I think if you’re into The Ghost Inside, Hacktivist, or Madball you’ll love We Move As One.

Words by Ermis Madikopoulos

Album Review: Escape // Future Palace

I think it is awesome that Future Palace have different influences. Their sound is mainly a melodic form of post-hardcore, but they also take inspiration from 80s synth pop like Depeche Mode. This is evident on their debut album, Escape.

I love that there is a lot of catchy hooks, especially on recent single ‘Maybe.’ The uplifting guitars blend with the soft synths because they take the track into a poppier dimension. But the theme is darker, n

On the other hand, this formula doesn’t always work. Post hardcore is a great genre but also oversaturated.  On ‘Parted Ways’, the band do not stand out from the pack, but thankfully these moments are only fleeting.

There’s some interesting production on ‘Anomaly.’ The distorted guitars create a strong energy, and work well with Maria’s strong vocals. ‘Break Free’ is also a strong way to end the album. It sounds like it’s been influenced by Holding Absence’s shoegaze but the power chords create a heavier dynamic.   When Maria sings “I keep fighting but I’m lost in my own world” it is powerful because it shows a determination to keep on going.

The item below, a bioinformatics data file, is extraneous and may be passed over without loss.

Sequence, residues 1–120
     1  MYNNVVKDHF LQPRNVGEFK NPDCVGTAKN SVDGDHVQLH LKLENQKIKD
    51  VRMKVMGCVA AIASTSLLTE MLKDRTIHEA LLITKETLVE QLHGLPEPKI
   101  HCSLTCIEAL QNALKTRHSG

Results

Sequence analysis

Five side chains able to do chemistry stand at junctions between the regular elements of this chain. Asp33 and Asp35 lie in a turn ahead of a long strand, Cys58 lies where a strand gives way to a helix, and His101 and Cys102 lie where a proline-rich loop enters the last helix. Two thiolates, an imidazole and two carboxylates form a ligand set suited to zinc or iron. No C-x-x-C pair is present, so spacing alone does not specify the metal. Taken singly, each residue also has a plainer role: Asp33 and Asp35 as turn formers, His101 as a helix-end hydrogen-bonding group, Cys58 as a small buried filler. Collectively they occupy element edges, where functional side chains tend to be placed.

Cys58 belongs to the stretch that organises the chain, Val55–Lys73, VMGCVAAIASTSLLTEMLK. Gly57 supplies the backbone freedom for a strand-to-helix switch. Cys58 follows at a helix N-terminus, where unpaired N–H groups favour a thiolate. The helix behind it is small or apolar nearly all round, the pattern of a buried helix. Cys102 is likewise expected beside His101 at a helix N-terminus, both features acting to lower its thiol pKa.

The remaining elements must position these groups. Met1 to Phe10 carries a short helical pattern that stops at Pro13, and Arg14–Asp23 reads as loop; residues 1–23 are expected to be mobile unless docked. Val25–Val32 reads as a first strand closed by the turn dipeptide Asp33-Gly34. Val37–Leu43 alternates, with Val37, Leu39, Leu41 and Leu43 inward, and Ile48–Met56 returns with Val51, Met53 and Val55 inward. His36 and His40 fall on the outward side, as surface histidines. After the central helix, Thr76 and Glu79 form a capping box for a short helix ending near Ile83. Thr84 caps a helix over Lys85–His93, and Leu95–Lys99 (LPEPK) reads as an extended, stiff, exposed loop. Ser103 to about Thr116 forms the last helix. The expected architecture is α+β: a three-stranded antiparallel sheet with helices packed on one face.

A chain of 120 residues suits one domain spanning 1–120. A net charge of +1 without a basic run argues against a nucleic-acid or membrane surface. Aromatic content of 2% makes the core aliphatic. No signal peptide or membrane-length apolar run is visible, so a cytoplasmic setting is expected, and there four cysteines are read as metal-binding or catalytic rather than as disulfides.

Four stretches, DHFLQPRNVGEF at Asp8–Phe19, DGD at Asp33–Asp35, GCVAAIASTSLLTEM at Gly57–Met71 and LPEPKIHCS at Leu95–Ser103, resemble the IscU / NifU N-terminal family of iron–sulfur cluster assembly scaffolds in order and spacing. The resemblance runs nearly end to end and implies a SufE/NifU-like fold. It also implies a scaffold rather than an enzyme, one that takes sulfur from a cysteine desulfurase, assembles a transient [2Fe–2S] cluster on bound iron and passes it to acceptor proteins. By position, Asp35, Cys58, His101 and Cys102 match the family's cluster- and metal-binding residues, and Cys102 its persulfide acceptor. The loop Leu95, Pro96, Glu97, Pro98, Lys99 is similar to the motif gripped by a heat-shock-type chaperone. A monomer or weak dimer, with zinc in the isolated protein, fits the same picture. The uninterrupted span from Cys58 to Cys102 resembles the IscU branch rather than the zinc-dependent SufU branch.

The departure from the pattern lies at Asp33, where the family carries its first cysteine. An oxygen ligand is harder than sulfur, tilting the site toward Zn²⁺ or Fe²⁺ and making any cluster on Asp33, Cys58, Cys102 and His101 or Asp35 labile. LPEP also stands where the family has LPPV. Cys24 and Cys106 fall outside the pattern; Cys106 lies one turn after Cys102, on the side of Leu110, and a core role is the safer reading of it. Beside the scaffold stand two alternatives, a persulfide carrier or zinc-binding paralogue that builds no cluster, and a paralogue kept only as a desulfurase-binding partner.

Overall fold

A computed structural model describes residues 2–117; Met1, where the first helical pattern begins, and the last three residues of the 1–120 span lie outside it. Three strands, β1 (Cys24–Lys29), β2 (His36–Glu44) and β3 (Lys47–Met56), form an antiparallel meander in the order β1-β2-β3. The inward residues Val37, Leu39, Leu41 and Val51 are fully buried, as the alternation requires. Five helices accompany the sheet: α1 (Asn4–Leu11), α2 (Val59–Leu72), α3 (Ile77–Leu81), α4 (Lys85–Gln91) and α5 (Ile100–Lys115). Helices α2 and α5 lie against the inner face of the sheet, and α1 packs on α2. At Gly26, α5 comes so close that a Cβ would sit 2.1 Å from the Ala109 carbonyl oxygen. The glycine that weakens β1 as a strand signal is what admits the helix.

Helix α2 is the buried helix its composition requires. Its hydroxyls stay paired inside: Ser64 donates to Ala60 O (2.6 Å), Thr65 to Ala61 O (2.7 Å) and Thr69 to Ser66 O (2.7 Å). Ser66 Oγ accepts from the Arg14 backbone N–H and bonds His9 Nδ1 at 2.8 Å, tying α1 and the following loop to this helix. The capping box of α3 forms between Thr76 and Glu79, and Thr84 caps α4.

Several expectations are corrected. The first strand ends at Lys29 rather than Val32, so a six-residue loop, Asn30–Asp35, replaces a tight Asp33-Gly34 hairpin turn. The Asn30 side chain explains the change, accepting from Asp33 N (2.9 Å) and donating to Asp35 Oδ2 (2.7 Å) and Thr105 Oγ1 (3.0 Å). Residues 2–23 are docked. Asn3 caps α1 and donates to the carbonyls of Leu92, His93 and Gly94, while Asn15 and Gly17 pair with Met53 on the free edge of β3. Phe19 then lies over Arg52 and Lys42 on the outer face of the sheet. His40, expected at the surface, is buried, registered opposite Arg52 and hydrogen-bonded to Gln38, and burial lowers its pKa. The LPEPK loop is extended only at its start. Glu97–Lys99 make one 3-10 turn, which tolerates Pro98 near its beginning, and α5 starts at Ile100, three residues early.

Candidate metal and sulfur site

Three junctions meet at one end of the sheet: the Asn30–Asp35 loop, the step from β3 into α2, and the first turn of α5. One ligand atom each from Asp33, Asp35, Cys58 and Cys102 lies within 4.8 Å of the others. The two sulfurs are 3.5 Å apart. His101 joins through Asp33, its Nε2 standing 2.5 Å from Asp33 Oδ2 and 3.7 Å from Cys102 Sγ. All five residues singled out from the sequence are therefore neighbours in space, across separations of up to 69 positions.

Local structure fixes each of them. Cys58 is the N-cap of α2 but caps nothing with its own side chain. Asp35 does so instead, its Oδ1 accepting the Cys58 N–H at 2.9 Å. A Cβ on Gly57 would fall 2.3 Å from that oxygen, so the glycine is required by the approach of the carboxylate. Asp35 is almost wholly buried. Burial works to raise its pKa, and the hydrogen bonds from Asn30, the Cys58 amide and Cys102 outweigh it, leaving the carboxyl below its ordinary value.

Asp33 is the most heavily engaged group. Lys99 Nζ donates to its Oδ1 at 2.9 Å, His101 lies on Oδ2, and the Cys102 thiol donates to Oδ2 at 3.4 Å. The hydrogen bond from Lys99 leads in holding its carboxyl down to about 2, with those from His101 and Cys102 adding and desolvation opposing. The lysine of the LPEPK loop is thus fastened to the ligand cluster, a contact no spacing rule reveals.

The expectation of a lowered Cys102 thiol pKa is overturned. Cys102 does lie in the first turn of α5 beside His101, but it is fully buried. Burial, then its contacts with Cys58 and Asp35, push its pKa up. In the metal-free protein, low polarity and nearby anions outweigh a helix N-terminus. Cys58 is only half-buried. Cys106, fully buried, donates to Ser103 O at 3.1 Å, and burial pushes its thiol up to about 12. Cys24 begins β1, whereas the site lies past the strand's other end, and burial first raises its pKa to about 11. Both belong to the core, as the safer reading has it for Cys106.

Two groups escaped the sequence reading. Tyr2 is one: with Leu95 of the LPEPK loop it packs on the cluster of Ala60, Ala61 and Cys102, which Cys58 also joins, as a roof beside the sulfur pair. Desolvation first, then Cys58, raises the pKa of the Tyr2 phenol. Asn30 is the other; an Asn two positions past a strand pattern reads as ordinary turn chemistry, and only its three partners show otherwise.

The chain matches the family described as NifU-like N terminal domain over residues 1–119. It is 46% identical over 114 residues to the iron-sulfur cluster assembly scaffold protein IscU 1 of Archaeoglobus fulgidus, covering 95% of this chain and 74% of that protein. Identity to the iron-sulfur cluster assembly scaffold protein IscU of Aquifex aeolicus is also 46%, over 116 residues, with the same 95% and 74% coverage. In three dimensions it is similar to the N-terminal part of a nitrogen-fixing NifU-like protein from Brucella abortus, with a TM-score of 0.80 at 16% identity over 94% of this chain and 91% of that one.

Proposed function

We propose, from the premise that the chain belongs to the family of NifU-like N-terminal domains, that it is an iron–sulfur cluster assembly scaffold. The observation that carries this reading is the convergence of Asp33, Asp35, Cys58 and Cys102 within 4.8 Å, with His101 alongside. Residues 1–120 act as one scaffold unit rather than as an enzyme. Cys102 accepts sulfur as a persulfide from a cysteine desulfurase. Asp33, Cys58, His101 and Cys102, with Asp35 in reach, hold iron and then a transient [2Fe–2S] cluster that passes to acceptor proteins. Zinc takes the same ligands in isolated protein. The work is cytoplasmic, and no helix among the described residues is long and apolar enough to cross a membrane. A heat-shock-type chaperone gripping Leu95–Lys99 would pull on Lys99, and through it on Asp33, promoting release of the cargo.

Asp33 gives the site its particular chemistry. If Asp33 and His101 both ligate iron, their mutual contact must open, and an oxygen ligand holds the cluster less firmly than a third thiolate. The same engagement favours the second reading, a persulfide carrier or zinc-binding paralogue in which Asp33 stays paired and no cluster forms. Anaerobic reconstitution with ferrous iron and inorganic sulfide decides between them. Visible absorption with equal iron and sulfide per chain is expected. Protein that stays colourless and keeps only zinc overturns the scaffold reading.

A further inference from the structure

Aside from a few generic moments, ‘Escape’ is a solid debut album. It hows that Maria wears her heart on her sleeve, because her vocals are passionate, but also the guitars are powerful and pack a punch. It will be interesting to see what Future Palace will come up with in the future.

Words by Ermis Madikopoulos

Track Review: Finding Kate // I Feel Bad

Finding Kate is the alias of Kate Pavli, a singer hailing from Australia and Cyprus, but based in London. Her style is characterized by a powerful vocal delivery, while she draws influences from Rock, Pop, and Alternative. She’s been honing her talents over the years, releasing new single ‘I Feel Bad.’ The track has received a wave of support from Kerrang Radio and Planet Rock, while she has played shows at  Icebreaker Festival in Portsmouth, and supported Hands Off Gretel.